The move comes more than a year after Shell slashed its dividend by two-thirds. Two modest increases to the payout since then did little to boost the company’s appeal, with its shares still about 40% lower than pre-pandemic levels despite a full recovery in oil prices.
The big increases to shareholder returns announced on Thursday show a concerted effort to restore the Anglo-Dutch company’s reputation as a cash machine for investors.
“We are stepping up our shareholder distributions today, increasing dividends and starting share buybacks,” Chief Executive Officer Ben van Beurden said in a statement. “The quality of Shell’s operational and financial delivery and strengthened balance sheet have given the board confidence.”
Shell will pay a dividend of 24 cents a share for the second quarter, a 38% increase from 17.35 cents in the prior period. That’s still some way below the 47 cents a share the company paid out before the pandemic.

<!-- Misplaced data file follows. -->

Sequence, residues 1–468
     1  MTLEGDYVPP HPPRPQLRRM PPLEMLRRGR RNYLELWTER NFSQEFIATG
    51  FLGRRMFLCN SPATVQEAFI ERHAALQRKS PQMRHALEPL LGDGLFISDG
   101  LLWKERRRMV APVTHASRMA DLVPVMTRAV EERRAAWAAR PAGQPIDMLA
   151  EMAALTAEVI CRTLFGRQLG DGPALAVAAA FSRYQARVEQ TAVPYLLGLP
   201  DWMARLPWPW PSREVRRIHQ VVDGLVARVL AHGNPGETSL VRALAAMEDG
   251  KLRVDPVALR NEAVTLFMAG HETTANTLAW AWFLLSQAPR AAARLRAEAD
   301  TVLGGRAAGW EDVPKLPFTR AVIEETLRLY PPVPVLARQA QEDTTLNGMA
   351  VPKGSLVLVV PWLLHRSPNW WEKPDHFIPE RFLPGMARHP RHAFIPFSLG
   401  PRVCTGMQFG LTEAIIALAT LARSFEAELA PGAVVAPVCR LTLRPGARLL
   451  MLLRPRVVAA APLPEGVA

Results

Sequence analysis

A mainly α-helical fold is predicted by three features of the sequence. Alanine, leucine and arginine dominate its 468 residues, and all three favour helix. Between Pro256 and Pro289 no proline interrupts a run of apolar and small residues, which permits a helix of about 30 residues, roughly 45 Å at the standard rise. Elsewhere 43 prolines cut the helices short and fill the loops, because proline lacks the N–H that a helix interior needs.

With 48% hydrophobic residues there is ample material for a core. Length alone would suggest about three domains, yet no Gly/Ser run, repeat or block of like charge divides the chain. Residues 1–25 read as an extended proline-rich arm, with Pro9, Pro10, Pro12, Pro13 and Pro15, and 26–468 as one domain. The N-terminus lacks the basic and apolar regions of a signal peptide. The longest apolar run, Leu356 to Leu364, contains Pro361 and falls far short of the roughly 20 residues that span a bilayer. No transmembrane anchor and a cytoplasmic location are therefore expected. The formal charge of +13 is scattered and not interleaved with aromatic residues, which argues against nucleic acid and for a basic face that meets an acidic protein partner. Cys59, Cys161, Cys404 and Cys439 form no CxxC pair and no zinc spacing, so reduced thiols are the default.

The increased payouts to shareholders follow in the footsteps of its European peers BP (NYSE:BP) Plc and Equinor ASA (NYSE:EQNR), but with buybacks on a much larger scale for 2021. The whole industry is boosting investor returns as it recovers from a historic downturn due to the coronavirus pandemic. TotalEnergies SE also said on Thursday that it will start repurchasing shares.
Shell’s second-quarter adjusted net income was $5.53 billion, compared with $638 million a year earlier. That was above the average estimate of $5.2 billion in a Bloomberg poll of 15 analysts.
Shell is proceeding with the buybacks after dropping its condition that net debt should fall below $65 billion before shareholder distributions increase. At the end of the second quarter, the company’s net debt was $65.7 billion.
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